Junior Agriculture Minister, Andrew Doyle in December 2017 made the same point about apparent dramatic decoupling of dairy output from carbon emissions.

All these claims are refuted by data compiled by Ireland’s Environment Protection Agency (EPA). This indicates that carbon dioxide equivalent emissions from dairy rose by a massive 24 percent from 2012 to 2016,​ ​which closely tracks the 22 percent increase in national dairy cow numbers and a 27 percent milk production hike in the same period.

An Taisce, Ireland’s national trust, became aware of the statements being made within the parliament and wrote to Creed on May 4th last, pointing out the erroneous data and requesting that he formally correct the Dáil record.

In response, Creed admitted to An Taisce that his claim of ‘only’ eight percent emissions increases arising from a 27 percent increase in dairy output “is the growth in total agricultural emissions and reflects that while dairy numbers (and emissions) are increasing, other sub-sectors of agriculture are contracting”. It is, the minister added, “valid to consider the sector as a whole in presenting this data”.

However, An Taisce told DeSmog UK that the minister’s response was “simply indefensible”. ​By not correcting his statement, “it seems the minister is now willing to mislead the Dáil and the public, even when called out. This is unacceptable. We now publicly call on the minister to correct the Dáil record as a matter of urgency”.

The reason officials like Creed are prepared to go to such lengths to present a rosy picture of agricultural emissions is that rapid expansion of the national dairy herd is de facto  government policy, even though it flatly contradicts the Irish state’s EU and Paris Agreement obligations to slash carbon emissions.

Recent EPA projections showed that, instead of meeting its EU obligations to cut carbon emissions by 20 percent by 2020, Ireland would “at best” achieve a negligible one percent cut versus 2005 levels. Agricultural emissions, meanwhile, continue to spiral, hence the pressure on ministers to massage the figures to present a ‘good news story’ on dairy emissions.

More pressure was ratcheted on Irish government inaction with the publication earlier this month by Climate Action Network Europe of its ranking of EU countriesin terms of their ambition and progress in tackling climate change. Ireland was ranked 2nd worst in the EU, only ahead of coal-dependent Poland in the rankings.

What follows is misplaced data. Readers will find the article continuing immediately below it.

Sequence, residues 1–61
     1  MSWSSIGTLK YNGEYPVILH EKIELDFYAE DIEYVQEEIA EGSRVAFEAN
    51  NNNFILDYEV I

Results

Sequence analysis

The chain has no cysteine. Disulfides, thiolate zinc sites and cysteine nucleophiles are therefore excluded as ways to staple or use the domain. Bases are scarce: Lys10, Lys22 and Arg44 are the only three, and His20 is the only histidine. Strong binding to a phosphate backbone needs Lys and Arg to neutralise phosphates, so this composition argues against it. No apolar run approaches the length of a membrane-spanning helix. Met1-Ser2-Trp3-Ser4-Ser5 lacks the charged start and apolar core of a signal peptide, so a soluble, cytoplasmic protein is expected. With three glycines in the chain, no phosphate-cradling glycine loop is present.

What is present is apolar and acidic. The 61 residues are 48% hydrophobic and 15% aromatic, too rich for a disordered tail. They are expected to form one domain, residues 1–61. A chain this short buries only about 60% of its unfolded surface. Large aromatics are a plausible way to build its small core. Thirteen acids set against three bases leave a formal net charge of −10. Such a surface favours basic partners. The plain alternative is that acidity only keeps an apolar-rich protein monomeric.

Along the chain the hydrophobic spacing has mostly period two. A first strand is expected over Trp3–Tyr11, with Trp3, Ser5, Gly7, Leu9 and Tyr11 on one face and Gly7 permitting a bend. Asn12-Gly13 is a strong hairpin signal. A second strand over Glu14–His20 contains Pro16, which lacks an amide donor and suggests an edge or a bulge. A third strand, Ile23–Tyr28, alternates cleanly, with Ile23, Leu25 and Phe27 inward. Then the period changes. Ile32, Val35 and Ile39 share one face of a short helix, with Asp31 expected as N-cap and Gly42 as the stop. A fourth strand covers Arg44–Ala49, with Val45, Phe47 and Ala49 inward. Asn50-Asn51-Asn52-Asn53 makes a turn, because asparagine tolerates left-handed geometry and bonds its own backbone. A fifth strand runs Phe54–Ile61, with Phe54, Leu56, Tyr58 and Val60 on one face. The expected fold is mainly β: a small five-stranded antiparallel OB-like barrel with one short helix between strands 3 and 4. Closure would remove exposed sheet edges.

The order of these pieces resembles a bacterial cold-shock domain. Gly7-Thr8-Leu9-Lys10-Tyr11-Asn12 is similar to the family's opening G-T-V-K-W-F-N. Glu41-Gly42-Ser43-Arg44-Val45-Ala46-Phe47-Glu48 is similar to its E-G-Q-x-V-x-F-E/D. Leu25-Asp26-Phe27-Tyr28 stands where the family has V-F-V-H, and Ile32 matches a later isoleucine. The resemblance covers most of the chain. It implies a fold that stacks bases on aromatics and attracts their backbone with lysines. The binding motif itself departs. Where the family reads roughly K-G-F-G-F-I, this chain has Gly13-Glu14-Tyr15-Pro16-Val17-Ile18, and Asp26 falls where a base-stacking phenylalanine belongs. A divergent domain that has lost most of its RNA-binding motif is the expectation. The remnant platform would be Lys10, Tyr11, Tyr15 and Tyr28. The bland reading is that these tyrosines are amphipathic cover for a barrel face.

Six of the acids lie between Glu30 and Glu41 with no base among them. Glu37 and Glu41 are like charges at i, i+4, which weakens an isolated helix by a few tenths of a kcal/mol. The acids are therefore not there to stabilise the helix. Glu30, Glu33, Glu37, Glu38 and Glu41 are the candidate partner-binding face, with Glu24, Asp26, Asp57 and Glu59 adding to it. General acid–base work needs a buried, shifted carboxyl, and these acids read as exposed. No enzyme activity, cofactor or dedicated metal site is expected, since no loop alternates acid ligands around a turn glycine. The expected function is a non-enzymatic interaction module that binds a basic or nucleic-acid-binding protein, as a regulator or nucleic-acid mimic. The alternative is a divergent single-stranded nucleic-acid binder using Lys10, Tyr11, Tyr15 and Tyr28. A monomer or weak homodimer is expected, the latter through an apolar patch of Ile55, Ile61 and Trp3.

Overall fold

Irish prime minister, Leo Varadkar is clearly uneasy at the growing reputational damage arising from what he admits is its status as a climate “laggard”. He told the European Parliament earlier this year that he was “not proud of Ireland’s performance” on climate, but domestically, the grip of the powerful agri-industrial lobby on government policy remains unshaken.

Having failed to manage emissions, it appears at least some in the Irish government have switched focus to concentrate on managing climate change messaging instead.

Disclosure: John Gibbons is a volunteer member of An Taisce’s climate change committee.

Posted in Agriculture, Irish Focus, Media, Pollution, Sustainability | Tagged , , | Leave a comment

Epic emissions targets failure: it’s the politics, stupid

Below, an article I ran in a well-known satirical publication in mid-June:

FOR YEARS, whiny environmental types have been warning repeatedly that the Irish state is treating its legally binding international obligations to cut our carbon emissions as a bit of a joke. This in turn has prompted indignant responses from both politicians and their civil servants to the effect that this was grossly unfair and that, given enough time, Ireland would surprise everyone.

And, in a sense, we have. Not even the gloomiest eco-NGO type could possibly have predicted that instead of cutting emissions by 2020 by 20% versus 2005, we would instead “at best” achieve a 1% cut. Or, put another way, we’ve squandered the last 15 years doing sod all about the biggest crisis in modern history.

Imagine that the Department of Finance set a key revenue target of €20 billion, but ended up only raising €1 billion. That might sound like an almost impossible level of incompetence, leading to mass resignations, but it’s precisely the degree of abject failure Ireland has shown on curbing carbon emissions.

Our hapless ‘climate action’ minister, Denis Naughten shrugged off the “deeply disappointing” EPA projections. Were he or anyone in Leo Varadkar’s cabinet even remotely serious about this issue, then Naughten would have either quit or have been fired as a result of the catastrophic failure he has presided over. That neither happened and the whole fiasco merited barely a mention in the media speaks volumes.

It’s not hard to imagine the quiet celebrations in the headquarters of business and farm lobby groups, Ibec and the IFA. Both have revolving door access to the corridors of power, and with budgets running into millions to lavish on lobbying for inaction and deregulation. Ibec alone spent €1.3 million last year just on its Brussels lobbying operation, a tidy sum that buys a lot of climate silence.